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Most Helpful Customer Reviews on (beta) 4.0 out of 5 stars  1 review
2 of 2 people found the following review helpful
4.0 out of 5 stars Isherwood's Final Diaries 15 Nov 2012
By H. F. Corbin - Published on
Volume III of Christopher Isherwood's diaries covers the years 1970 to 1983; his last entry was on July 4 of that year. He died January 4, 1986 of prostate cancer. He continues writing mostly about the subjects he covered in Volume II-- I have not read Volume I-- his Hindu religion, his writings, his friends and enemies, his deep love for Don Bachardy, Barchardy's growing reputation as an artist in his own right and-- what many of us respect him for above all else-- his openness about his homosexuality (queerness he calls it) and his stand for gay rights as no other writer of his generation and stature was doing.

We may as well deal with the ugly first. Isherwood could make terrible comments about Jewish people ("Jewboy" and "worst kind of Jewishness", etc.), women (he does not hesitate to use the c--t word), the French ("I so dislike Frogs")and blacks to a lesser degree. In one of his entries, he writes "what a racist I am at heart." He is certainly honest about his prejudices and knew, as Edmund White points out in his "Preface" that one day these diaries would be published.

Mr. Isherwood knew a lot of writers, artists and actors and has opinions about all of them, supplying, often in a sentence or two what he thought of them: David Hockney, Tennessee Williams, Truman Capote ("a wise little old child"), Edward Albee, Ingrid Bergman, Liza Minnelli, Michael York, Joan Didion, E. M. Forster, W. H. Auden, Leslie Caron, Rita Hayworth, Tony Richardson-- the list seems endless. He hates long hair and any kind of facial hair on men-- remember this is the 1970's when many of us grew beards and moustaches-- is obsessed with his weight-- weighing every day-- his diet, his consumption of alcohol, his physical ailments and, as he comes nearer to the end of his life, his own death. From his diary entry on August 27, 1976: "So now I`m seventy-two. . . "I think about death more and more--I prod myself into thinking about it; and always the thought brings me to the almost certainty that Swami [his guru] will be present with me, when it comes."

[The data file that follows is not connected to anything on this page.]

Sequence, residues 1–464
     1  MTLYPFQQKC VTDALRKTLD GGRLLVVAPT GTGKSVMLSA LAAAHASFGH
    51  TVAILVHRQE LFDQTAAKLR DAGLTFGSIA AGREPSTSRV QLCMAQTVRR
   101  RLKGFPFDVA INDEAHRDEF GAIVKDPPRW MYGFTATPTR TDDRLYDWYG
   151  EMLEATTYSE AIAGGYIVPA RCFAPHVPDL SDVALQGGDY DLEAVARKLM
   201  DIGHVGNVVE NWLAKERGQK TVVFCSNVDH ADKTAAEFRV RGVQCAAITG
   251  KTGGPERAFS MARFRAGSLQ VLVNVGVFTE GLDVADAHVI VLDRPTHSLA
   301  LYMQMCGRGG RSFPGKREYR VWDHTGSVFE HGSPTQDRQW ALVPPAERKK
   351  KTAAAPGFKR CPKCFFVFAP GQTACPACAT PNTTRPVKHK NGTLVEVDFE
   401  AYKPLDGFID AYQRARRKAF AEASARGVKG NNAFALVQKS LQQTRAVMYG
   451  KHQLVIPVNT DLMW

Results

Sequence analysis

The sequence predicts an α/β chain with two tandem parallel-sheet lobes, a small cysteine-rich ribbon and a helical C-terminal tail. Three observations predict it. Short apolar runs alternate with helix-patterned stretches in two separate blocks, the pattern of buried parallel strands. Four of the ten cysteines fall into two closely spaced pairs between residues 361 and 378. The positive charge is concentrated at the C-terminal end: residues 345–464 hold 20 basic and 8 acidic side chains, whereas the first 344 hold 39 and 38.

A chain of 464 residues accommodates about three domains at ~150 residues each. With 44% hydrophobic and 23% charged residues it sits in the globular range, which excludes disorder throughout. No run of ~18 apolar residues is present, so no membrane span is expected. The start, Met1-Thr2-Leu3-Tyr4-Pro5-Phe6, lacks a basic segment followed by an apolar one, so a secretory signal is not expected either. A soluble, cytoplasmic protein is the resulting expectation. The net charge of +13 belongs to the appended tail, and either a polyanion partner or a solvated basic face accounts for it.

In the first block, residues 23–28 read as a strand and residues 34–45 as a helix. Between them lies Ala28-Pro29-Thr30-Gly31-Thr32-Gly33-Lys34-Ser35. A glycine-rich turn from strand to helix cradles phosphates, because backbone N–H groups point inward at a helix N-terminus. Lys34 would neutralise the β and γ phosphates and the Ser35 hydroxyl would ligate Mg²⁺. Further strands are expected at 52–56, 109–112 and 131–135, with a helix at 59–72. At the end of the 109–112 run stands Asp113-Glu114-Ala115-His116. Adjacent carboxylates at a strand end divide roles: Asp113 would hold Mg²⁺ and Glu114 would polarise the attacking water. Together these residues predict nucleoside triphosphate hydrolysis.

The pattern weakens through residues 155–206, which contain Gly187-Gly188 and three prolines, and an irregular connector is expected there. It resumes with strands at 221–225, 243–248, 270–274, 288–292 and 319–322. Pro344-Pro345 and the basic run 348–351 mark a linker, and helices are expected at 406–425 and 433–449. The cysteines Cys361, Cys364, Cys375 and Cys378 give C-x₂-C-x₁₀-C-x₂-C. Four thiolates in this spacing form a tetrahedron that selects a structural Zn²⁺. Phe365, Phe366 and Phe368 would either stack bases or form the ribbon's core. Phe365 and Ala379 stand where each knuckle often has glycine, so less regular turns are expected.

Isherwood apparently has no secrets about himself. He cannot change a tire but probably should learn how, he writes of having diarrhea (the s--ts), describes in detail a sex movie he sees in a New York theatre and lists the items available from a sex catalogue he received in the mail. He also records incidents of drinking too much and falling down on occasion.

Mr. Isherwood, on the other hand, writes with deep emotion about his love for Don Barchardy, Dobbin's Kitty-- the names and Isherwood and Barchardy gave to each other. "Don has been adorable beyond all words, lately." "How lucky I am to have Don." "I long to tell him how much I love him." "My only world is Don." And in one particularly moving passage, Don reminds Christopher that " you are my guru." Near the end of the diary, in his August 2, 1981 entry, Isherwood writes that "I must say I'm well aware that--despite all my complaints-- I know I'm traveling deluxe. There is more love in this house now than there're ever has been before."

Finally perhaps the reason Mr. Isherwood is loved by so many people is his very public stand with other gay people against the "Others." "I never feel at ease with any heterosexual man." An article in THE DAILY TELEGRAPH on August 7, 1970 was the first to say he is a homosexual. "I'm glad it did." He later makes it a point (p. 178) to tell all interviewers about his "queerness." He writes on December 23, 1976: "Perhaps the most moving experience was going down to the Oscar Wilde Memorial Bookshop in the village and singing copies of my book (CHRISTOPHER AND HIS KIND), with a line of people, mostly quite young, stretching all the way down Christopher Street and around the corner. I had such a feeling that this is my tribe and I loved them."

I can think of no writer who has written with such honesty about every aspect of his life, the good, the bad, but, more importantly, the beautiful.